Center of Mexican American Studies
Center of Mexican American Studies

Carlos E. Castañeda Postdoctoral Fellowship Profile (2015–17)

Marcel Brousseau, Ph.D. is a recipient of the Carlos E. Castañeda Postdoctoral Fellowship in Mexican American Studies for the 2015–2016 academic year.

Dr. Marcel Brousseau has a Ph.D. in comparative literature from the University of California, Santa Barbara. His dissertation, "Over the Line: Critical Media Technologies of the Trans-American Hyperborder," examines the U.S.-Mexico border as a media network comprising literature, maps, and infrastructure. His research and teaching fields include media studies, Chicana/o studies, Indigenous studies, and American literature. He has engaged in fieldwork at Friendship Park (El Parque de la Amistad), on the San Diego-Tijuana border.

As a 2015-16 Carlos E. Castañeda Postdoctoral Fellow, he plans to work on adapting Óscar Martínez’s migration account Los migrantes que no importan into a moralized cartography. He is also undertaking a research project that examines climate control as a bordering technique. He will teach the course Mexican American Literature and Culture (MAS 314/ ENG 314V) in the fall 2015 semester.


Belem López, Ph.D. is a recipient of the Carlos E. Castaneda Postdoctoral Fellowship in Mexican American Studies for the 2015–2017 academic years. She received her Doctor of Philosophy degree in Cognitive Psychology from Texas A&M University in 2015. She holds two bachelor degrees, one in Psychology and one in Linguistics from the University of Texas at El Paso. Her primary research areas are bilingualism, specifically how individual differences such as informal translation practices (i.e., language brokering) affect language processing.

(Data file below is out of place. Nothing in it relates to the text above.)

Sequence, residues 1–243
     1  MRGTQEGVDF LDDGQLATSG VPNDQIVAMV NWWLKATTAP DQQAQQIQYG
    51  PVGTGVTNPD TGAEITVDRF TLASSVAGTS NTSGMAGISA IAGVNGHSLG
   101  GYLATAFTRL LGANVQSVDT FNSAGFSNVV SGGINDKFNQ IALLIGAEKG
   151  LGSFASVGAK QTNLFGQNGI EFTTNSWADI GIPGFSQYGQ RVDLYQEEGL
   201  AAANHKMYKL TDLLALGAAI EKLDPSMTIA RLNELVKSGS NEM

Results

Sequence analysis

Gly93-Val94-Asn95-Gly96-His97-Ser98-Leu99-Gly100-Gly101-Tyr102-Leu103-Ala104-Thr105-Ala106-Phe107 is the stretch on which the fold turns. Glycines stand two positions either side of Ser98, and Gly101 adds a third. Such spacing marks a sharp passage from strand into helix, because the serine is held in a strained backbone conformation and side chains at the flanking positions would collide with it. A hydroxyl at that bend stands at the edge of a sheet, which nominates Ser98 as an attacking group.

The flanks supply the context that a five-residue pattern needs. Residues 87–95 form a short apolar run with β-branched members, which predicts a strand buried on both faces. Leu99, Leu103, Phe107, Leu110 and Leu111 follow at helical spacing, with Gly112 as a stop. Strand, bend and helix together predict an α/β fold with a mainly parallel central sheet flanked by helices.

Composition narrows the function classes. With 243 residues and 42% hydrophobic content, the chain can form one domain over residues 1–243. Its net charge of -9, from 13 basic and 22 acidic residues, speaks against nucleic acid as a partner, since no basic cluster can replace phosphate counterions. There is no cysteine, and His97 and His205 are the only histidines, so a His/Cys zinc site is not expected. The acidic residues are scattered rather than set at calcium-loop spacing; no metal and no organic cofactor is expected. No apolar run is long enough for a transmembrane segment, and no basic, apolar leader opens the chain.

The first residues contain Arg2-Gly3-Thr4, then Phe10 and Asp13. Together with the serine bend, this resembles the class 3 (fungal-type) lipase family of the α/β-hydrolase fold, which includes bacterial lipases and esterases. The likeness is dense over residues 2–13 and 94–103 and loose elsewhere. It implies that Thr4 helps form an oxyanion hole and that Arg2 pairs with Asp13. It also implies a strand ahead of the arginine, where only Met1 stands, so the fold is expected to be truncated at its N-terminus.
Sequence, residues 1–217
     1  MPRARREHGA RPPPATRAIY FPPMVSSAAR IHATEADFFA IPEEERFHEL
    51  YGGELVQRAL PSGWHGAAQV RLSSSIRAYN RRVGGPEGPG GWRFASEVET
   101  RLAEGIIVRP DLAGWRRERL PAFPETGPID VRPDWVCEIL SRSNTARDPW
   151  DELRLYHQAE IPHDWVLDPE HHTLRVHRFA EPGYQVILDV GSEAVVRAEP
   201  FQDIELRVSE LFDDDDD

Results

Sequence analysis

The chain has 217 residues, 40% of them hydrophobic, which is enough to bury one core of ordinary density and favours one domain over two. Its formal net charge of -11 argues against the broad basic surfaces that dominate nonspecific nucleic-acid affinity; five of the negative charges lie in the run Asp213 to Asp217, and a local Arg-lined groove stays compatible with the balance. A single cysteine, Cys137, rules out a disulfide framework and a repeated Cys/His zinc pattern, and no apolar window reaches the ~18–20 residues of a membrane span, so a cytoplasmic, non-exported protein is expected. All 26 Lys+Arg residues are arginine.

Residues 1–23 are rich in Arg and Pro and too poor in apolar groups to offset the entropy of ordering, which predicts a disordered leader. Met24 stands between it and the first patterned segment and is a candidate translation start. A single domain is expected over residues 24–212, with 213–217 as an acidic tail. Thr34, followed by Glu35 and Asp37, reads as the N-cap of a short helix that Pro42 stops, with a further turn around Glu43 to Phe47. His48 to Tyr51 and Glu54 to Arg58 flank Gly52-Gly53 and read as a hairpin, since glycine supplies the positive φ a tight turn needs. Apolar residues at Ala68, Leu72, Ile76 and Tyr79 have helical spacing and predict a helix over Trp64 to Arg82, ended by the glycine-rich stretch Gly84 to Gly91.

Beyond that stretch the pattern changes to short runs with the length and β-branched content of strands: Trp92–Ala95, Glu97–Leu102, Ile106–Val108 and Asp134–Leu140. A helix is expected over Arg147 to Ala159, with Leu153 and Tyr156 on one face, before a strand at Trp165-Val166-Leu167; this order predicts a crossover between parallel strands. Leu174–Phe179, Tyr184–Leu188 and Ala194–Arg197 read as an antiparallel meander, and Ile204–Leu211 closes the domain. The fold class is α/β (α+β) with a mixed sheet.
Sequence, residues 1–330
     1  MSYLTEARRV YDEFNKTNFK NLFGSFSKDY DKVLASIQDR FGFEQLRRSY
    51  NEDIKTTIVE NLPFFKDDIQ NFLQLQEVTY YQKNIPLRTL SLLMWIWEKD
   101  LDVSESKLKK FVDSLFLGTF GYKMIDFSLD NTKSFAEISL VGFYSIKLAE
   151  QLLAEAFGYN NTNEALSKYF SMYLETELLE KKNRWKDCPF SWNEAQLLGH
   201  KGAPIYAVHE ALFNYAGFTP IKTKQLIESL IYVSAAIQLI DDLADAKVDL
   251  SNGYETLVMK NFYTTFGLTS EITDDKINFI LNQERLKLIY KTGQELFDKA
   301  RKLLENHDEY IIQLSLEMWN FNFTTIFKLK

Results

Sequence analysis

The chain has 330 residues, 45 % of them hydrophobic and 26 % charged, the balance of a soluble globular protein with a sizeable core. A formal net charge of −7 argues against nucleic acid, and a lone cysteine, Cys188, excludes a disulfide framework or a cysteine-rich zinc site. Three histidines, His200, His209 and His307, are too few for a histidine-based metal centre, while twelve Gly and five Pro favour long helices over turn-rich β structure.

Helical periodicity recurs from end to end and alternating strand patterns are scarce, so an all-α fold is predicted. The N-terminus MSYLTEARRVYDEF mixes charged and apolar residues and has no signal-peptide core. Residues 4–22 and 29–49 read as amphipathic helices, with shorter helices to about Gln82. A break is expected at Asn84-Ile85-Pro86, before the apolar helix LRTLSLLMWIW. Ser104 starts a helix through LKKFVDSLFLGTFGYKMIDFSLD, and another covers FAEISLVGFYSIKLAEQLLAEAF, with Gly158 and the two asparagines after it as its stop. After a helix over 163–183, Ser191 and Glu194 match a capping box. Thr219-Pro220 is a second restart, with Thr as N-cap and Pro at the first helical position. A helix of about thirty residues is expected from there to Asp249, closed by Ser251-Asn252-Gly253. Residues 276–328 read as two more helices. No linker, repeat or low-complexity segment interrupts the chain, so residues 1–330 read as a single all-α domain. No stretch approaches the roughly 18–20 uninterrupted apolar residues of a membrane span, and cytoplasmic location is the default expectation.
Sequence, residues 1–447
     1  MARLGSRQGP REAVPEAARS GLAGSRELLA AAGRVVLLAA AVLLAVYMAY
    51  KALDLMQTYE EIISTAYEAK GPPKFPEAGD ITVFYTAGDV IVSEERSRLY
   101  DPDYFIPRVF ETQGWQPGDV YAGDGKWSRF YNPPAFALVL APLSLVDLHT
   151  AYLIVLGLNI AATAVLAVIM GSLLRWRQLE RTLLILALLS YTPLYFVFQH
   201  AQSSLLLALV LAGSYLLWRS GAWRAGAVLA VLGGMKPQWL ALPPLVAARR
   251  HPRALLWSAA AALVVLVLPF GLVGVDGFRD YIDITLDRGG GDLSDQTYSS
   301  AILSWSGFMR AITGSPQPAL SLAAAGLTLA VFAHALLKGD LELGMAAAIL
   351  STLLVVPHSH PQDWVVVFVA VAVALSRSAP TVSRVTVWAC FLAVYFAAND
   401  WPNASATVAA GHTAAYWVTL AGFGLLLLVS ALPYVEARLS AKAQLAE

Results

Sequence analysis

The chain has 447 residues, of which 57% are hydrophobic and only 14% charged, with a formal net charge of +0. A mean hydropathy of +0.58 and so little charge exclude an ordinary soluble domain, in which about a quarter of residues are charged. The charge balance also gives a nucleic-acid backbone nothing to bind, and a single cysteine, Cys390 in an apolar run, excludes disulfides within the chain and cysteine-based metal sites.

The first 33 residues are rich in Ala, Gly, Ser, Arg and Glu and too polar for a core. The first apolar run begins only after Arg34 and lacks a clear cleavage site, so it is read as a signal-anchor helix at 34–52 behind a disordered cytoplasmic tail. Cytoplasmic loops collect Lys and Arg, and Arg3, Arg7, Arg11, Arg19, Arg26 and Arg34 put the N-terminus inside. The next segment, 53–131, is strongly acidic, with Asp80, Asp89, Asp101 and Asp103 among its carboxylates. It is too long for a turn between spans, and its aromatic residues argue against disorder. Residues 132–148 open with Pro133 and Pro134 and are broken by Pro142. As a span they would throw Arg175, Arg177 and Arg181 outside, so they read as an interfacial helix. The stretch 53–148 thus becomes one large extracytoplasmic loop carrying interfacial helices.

Dr. López will be working on her manuscript Importarle un Pepino: How Differences Among Bilinguals in Language Brokering Experience Affects Idiom Processing, during her residency at CMAS. This research examines how prior informal translation experience or language brokering experience affects a bilingual’s ability to access idiomatic meaning across and within language boundaries. Across three experiments, bilinguals were instructed to correctly identify whether or not target words were related or unrelated to previously viewed idioms. Dr. López uses psycholinguistic methodologies such as reaction time and error rate measures to conduct her research to determine if there are lasting effects of prior language brokering experience. She will also be co-authoring a book chapter entitled Psycholinguistics of Humor, which seeks to highlight the contributions of psycholinguistics to the study of humor. She will also be conducting research on several projects including an extension and follow-up of her dissertation involving idioms and language brokering and another project that examines the effects of language brokering on humor perception and interpretation across languages.

In the spring semesters of 2016 and 2017, Dr. López will teach an undergraduate course, “Psycholinguistics of Bilingualism.” In spring 2017, she will give a public lecture on her research.


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